...Levison, meanwhile, argues that Democrats need to lean into the kind of patriotic rhetoric that makes many progressives recoil. Democrats have the potential to split “extremists” off from “traditionalists” by couching Democratic values as truly American, and extremists as “un-American.” As an example of such possible rhetoric, he offers, is, “I love the American flag as much as any American but I would never use a flagpole flying our flag as a club to assault other Americans that I call my ‘enemies.’ That is not the American way.” Or: “The values I grew up with are good values and I want them to endure. But the values of the people who want to turn Americans against each other and divide our country are not my values.”
At the end of Barefoot’s focus group, the women were asked if they’d have considered changing their vote if Democrats had passed the bipartisan infrastructure bill. The bill, which was passed by the House the following week, is something that Virginia Sen. Mark Warner, a Democrat, has claimed would have helped win the election for McAuliffe.
Ninety-one percent of the suburban women said no, 9 percent said yes, and one woman laughed and said, “What does that have to do with anything?”
She’s right to laugh. But that 9 percent actually points to something hopeful. In a close race, a 9-point swing like that can matter. If Democrats had passed the reconciliation bill as well and could talk about universal pre-K, the child tax credit, clean energy investments, and subsidies for child care, they might have won even more back. And if Democrats were in touch culturally, though, that swing could be even higher
A major new survey from Jacobin, YouGov, and the Center for Working-Class Politics points to another way that cultural chasm can be bridged: with candidates who focus on these economic issues but don’t talk like juniors at Oberlin.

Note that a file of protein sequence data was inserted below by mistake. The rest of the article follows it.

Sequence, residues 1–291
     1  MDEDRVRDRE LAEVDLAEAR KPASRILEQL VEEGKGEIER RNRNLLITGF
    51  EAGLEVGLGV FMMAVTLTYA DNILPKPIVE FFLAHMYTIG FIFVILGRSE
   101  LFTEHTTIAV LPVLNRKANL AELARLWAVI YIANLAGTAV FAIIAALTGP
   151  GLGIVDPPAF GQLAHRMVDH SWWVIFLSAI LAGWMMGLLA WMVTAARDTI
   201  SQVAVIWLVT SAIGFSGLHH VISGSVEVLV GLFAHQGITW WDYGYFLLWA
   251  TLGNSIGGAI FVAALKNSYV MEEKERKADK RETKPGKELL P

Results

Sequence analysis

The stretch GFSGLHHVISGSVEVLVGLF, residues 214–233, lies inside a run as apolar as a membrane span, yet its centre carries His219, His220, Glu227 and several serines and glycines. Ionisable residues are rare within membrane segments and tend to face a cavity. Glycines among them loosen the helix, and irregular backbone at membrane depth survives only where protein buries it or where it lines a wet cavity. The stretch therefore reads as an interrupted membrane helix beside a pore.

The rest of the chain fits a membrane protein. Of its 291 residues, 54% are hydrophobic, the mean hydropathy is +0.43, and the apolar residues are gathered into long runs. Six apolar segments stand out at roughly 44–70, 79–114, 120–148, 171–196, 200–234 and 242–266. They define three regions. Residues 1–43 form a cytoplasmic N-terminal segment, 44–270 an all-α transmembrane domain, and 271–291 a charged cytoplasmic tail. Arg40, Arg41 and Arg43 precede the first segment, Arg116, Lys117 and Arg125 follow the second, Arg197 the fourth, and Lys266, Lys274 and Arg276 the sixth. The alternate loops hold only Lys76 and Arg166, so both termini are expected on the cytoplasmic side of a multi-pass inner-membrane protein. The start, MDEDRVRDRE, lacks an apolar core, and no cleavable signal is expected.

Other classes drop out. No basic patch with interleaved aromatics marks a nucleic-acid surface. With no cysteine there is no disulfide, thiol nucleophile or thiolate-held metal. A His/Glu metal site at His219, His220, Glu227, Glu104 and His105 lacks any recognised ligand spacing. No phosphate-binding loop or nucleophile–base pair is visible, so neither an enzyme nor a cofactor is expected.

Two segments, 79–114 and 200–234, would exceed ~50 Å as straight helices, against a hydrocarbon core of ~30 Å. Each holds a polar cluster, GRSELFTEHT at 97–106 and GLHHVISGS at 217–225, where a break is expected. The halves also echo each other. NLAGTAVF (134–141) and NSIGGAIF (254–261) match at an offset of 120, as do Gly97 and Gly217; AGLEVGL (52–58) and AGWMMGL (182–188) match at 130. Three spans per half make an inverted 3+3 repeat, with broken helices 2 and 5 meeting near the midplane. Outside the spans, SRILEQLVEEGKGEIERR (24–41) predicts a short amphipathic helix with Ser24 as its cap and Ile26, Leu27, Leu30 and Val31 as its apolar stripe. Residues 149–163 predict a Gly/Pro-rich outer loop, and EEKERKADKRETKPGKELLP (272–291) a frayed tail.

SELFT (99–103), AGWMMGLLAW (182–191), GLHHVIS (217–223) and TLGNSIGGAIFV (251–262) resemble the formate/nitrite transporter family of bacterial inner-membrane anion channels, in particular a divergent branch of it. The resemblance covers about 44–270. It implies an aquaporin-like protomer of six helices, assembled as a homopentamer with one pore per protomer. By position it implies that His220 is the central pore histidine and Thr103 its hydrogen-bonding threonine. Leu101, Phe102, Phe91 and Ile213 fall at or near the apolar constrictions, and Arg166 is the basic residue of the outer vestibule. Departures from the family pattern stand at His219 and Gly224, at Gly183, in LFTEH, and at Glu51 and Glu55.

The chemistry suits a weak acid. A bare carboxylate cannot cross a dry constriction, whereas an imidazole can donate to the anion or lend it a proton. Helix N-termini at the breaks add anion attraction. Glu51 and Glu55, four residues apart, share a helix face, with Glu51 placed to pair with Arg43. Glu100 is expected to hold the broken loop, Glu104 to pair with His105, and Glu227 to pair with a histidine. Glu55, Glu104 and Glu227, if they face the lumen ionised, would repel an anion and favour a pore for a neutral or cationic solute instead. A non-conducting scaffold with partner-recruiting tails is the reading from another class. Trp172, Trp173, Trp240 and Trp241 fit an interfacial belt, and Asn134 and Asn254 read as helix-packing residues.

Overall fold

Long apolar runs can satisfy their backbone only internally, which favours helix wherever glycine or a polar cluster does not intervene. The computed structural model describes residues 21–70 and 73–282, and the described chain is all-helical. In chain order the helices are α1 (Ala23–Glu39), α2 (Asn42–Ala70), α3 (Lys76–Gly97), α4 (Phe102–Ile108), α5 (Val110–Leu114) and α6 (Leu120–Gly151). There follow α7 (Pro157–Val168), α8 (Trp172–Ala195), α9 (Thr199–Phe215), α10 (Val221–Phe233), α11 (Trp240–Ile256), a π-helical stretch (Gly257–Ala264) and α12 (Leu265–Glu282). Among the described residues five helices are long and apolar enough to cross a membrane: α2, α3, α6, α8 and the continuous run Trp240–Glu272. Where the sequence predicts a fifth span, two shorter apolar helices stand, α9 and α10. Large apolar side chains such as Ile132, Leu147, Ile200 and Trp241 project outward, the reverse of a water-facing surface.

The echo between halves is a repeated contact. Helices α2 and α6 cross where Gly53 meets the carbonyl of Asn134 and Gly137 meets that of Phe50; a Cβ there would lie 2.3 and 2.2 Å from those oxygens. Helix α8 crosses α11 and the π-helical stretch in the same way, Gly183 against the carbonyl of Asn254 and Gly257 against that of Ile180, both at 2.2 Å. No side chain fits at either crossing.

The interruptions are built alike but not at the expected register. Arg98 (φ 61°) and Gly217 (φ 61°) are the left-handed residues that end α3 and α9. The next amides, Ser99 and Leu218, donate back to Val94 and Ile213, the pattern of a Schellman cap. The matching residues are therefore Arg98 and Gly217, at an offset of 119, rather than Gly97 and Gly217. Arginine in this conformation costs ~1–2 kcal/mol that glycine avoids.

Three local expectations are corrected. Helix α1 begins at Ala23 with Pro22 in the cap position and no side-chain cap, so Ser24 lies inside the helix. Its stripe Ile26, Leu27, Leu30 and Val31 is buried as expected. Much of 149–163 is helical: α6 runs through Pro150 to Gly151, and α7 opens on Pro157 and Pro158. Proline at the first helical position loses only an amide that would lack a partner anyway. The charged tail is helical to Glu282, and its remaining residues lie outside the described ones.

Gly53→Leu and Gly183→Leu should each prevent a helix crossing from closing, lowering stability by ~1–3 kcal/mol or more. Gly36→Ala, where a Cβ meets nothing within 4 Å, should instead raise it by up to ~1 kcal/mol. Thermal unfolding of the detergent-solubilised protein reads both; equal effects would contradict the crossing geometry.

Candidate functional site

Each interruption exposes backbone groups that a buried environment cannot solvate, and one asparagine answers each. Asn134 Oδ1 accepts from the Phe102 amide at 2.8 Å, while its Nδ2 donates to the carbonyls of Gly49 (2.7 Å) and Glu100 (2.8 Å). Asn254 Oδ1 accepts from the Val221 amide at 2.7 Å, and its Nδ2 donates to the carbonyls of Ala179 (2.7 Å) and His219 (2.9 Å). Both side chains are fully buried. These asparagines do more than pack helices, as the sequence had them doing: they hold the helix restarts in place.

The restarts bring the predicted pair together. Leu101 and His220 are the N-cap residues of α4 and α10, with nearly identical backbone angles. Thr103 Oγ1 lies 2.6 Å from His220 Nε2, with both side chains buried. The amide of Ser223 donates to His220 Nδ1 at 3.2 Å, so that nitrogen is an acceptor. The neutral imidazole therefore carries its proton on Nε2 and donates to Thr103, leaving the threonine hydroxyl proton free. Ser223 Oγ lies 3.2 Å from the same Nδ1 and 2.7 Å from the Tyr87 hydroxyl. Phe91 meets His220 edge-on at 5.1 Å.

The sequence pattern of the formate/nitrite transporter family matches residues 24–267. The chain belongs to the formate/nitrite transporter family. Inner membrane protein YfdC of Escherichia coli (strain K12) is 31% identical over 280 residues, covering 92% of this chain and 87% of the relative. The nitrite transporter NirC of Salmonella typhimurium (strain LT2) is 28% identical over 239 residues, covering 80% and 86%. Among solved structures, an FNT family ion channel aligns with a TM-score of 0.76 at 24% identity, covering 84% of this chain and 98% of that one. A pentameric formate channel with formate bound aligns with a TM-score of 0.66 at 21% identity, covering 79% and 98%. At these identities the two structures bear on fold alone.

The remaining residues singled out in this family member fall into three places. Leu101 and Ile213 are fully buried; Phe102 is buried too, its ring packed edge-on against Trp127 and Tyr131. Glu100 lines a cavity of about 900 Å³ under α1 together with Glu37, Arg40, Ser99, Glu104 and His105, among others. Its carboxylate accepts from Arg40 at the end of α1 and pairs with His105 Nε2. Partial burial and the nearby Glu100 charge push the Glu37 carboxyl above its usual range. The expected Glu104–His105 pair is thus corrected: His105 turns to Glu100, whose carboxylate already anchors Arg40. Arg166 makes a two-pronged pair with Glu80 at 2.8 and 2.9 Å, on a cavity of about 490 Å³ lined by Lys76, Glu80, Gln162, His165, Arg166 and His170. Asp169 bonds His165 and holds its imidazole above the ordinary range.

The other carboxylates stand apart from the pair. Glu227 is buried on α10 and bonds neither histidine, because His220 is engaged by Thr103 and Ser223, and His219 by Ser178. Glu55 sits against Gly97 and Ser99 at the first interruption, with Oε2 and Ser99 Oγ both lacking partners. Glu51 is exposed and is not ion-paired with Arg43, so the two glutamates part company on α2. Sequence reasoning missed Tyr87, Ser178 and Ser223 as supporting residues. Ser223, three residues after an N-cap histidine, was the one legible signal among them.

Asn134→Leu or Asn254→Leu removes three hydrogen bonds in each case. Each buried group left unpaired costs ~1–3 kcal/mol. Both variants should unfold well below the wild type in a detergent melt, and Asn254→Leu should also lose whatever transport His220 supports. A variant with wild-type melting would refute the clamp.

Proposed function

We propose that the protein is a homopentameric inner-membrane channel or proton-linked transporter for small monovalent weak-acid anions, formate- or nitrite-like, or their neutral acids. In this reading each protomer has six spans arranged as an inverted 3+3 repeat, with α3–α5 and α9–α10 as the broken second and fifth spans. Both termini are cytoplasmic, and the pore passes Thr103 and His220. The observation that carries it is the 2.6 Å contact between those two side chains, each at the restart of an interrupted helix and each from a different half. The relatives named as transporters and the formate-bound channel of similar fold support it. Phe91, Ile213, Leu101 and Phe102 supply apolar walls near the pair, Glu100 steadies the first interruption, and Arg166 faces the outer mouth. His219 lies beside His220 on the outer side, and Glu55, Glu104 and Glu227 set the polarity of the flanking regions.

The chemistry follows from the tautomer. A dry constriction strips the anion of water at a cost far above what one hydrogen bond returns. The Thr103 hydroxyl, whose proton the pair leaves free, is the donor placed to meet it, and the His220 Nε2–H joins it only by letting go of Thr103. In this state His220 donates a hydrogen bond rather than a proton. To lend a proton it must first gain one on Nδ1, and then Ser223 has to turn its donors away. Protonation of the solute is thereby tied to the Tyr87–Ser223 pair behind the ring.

...Broadly, Jacobin did not find evidence to support the Great Left Hope that if the masses would turn out in full at the ballot box, they’d eagerly support democratic socialists candidates and policies. “Many working-class voters in advanced economies have actually moved to the left on questions of economic policy (favoring more redistribution, more government spending on public goods, and more taxation of the very wealthy), while remaining culturally or socially moderate,” they write. They contrast this from where mainstream Democrats have gone: left on culture while “tempering their economic progressivism.”
But the survey also pointed to how they could be won over, and the results mapped with Levison’s and Barefoot’s findings. Language Jacobin described as “woke” created a cultural barrier between voters and candidates that diminished support for both “woke progressive” and “woke moderate” candidates, while universal, populist language did best for Democrats. Notably, “woke messaging decreased the appeal of other candidate characteristics,” they write. “For example, candidates employing woke messaging who championed either centrist or progressive economic, health care, or civil rights policy priorities were viewed less favorably than their counterparts who championed the same priorities but opted for universalist messaging.” Startlingly, the survey found a 30-plus point gap between support for a teacher running on a populist, universalist message versus a CEO running with a moderate economic platform, couched in woke rhetoric reminiscent of Hillary Clinton’s 2016 campaign.